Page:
Morley Moor Mound

Has been described as a Possible Timber Castle (Motte)

There are earthwork remains

NameMorley Moor Mound
Alternative NamesMorley House Farm; The Mound; Toot Hill
Historic CountryDerbyshire
Modern AuthorityDerbyshire
1974 AuthorityDerbyshire
Civil ParishMorley

'On Morley Moor, about 450 yards to the west of the church, is a large mound, now bearing many well-grown trees, and still nearly surrounded by a well filled moat'. It is considered to be a 'very perfect specimen' of a Castle Mount, and has a nearly level platform on the top, about 15 ft in diameter. 'Owing to the hedge being broken down, the lower parts of the mound are rapidly crumbling away under the tread of cattle and children' (in 1905) (VCH).

The Moated Mound near Morley beside the way from the Sacheverell Almshouses is locally called the Toot Hill. The editor of the Derbyshire Archaeological Journal in 1935 suggested that the mound might be 'the ancient moot of the Morleston Hundred' (Tudor).

'Moated Mound… probably a fortified dwelling or other stronghold' (Pevsner).

A large conical mound, tree covered and partly surrounded by a ditch/pond. It does not look like a motte and the top is too small to have held any form of structure; similarly, it cannot be a gazebo or mill mound. The feature is not in a strongly defensive position and its purpose was probably ornamental. (F1 FDC 02-JAN-67). (Derbyshire HER)

Although the motte south-west of Morley House Farm has been disturbed by scrub, the monument survives well and is sufficiently intact for archaeological remains relating to the structure of the motte and the associated keep to be preserved. In addition, well preserved organic and environmental remains will survive in the waterfilled ditch.

This monument, known locally as The Mound, is a medieval motte and includes a flat-topped conical mound surrounded by a 6-9m wide waterfilled ditch which is crossed by a causeway on the south-east side. The motte is 15m wide at its base and c.4m high and very steep-sided. A timber tower or keep would originally have stood on the motte whose top is c.5m wide

Formerly there may also have been an attached bailey or outer enclosure which would have contained ancillary buildings and pens for cattle and horses. There is no visible trace of such a feature in the ploughed fields surrounding the monument and so this area has not been included in the scheduling. (Scheduling Report)

Gatehouse Comments

The mound clearly shows signs of being altered with a spiral path to the top but the location, at other end of village from church, is not untypical of a medieval manorial centre (there is a manorial centre by the church but a second manorial centre is a possibility) and this does seem to have started as a motte, although the lack of a bailey suggests mainly a symbolic mound, showing the knightly status of the lord of the manor. The surrounding, water filled, ditch may be defensive or merely represent obtaining the soil to build the mound from the closest possible location. Suggestions that this was a 'watch tower' for Horsley castle (Pritchard) have to address the question of how such a watch would be manned and funded.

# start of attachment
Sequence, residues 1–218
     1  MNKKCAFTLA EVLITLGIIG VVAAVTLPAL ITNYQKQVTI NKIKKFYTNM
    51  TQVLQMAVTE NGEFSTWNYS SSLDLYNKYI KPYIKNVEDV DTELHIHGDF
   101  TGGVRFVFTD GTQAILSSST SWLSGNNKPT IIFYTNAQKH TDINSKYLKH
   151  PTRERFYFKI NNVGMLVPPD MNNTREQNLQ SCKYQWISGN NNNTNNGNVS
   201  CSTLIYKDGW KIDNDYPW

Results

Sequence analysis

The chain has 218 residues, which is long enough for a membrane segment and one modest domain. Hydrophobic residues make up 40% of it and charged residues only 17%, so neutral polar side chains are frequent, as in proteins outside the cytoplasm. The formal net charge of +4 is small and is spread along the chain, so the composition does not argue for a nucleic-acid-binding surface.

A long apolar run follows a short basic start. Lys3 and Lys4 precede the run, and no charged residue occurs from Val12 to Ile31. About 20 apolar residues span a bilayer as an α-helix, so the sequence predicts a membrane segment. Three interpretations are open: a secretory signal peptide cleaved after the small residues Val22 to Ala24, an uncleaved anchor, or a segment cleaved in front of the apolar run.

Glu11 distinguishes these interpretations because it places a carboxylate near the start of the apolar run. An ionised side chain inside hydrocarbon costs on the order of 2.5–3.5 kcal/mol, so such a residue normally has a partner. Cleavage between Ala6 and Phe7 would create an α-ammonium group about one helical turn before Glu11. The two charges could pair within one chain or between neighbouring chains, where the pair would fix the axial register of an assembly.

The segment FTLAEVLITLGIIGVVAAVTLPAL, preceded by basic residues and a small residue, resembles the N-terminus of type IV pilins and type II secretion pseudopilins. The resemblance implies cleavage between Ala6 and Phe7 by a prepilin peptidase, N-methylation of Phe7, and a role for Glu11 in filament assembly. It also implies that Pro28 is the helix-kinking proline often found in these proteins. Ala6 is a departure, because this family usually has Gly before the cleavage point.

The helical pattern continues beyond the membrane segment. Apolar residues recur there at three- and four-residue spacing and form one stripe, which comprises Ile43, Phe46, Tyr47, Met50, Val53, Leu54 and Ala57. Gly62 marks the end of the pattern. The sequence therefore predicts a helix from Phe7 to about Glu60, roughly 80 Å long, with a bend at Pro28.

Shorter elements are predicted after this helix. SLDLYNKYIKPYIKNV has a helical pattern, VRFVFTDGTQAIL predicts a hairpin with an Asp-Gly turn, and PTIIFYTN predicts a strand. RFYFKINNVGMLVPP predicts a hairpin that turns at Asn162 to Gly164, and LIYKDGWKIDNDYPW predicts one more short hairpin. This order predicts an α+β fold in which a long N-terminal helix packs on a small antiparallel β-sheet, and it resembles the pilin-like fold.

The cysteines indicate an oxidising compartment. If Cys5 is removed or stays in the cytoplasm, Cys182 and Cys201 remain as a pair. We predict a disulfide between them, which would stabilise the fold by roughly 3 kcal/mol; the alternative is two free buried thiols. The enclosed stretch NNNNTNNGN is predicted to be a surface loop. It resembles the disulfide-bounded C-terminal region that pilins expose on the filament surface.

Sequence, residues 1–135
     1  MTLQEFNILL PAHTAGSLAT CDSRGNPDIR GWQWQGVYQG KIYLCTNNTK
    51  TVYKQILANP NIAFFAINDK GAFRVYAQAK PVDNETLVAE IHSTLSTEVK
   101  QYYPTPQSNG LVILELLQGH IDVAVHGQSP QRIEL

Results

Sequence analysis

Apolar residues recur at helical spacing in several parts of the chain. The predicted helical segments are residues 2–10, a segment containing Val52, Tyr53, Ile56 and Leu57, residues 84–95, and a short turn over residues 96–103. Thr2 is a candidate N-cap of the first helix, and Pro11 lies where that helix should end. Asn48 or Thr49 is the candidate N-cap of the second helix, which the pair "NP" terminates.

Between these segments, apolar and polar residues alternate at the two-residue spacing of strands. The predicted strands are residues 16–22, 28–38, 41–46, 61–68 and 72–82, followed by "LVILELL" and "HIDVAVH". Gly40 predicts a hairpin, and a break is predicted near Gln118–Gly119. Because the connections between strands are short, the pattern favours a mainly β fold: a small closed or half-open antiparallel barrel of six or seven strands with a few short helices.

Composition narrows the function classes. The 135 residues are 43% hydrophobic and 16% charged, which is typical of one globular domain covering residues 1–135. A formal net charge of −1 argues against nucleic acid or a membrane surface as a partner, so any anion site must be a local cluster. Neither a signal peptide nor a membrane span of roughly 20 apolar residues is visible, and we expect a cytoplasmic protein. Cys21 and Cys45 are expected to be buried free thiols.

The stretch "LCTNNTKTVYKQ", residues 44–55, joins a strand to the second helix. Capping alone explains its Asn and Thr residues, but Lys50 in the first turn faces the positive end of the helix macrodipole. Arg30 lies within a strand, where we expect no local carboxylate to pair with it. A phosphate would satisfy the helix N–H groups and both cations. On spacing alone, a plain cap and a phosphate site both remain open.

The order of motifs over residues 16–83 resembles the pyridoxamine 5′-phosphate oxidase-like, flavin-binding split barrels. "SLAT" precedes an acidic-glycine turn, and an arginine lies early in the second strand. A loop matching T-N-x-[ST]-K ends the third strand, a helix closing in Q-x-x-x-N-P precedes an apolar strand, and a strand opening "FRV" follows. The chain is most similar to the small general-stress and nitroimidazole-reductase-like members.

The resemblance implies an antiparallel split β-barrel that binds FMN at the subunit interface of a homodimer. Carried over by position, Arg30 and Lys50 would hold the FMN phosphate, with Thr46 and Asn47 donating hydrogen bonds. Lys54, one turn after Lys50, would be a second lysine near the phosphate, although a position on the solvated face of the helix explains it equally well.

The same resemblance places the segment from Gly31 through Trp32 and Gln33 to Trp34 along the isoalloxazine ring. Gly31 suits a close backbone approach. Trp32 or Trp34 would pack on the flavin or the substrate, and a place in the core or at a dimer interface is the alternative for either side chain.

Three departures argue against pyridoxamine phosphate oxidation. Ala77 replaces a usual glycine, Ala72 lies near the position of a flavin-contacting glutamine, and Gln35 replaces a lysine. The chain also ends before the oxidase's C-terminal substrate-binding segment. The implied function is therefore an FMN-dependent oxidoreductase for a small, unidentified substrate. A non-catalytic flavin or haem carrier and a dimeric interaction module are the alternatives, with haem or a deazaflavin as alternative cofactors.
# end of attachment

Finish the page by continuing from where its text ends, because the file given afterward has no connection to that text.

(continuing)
- Philip Davis

This site is a scheduled monument protected by law

Not Listed

Historic England (PastScape) Defra or Monument number(s)
County Historic Environment Record
OS Map Grid ReferenceSK391409
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Photograph by Andrew Herrett. All rights reserved
Photograph by Andrew Herrett. All rights reserved
Photograph by Andrew Herrett. All rights reserved
Photograph by Andrew Herrett. All rights reserved
Photograph by Andrew Herrett. All rights reserved
Photograph by Andrew Herrett. All rights reserved
Photograph by Andrew Herrett. All rights reserved
Photograph by Andrew Herrett. All rights reserved
Photograph by Andrew Herrett. All rights reserved

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  • Salter, Mike, 2002, The Castles of the East Midlands (Malvern: Folly Publications) p. 23
  • King, D.J.C., 1983, Castellarium Anglicanum (London: Kraus) Vol. 1 p. 110
  • Pevsner, Nikolaus revised by Elizabeth Williamson, 1978, Buildings of England: Derbyshire (Harmondsworth) p. 188
  • Cox, J.C., 1905, 'Ancient Earthworks' in Page, Wm (ed), VCH Derbyshire Vol. 1 p. 375 (plan) online copy


  • Pritchard, C., 1998, 'Morley Mounds: The Horsley Connection' Derbyshire Archaeological Journal Vol. 118
  • Tudor, T.L., 1935, 'Minor monuments and lesser antiquities of Derbyshire (2nd list)' Derbyshire Archaeological Journal Vol. 56 p. 83


  • English Heritage. 1994. Schedule Entry: Motte south-west of Morley House Farm. 23301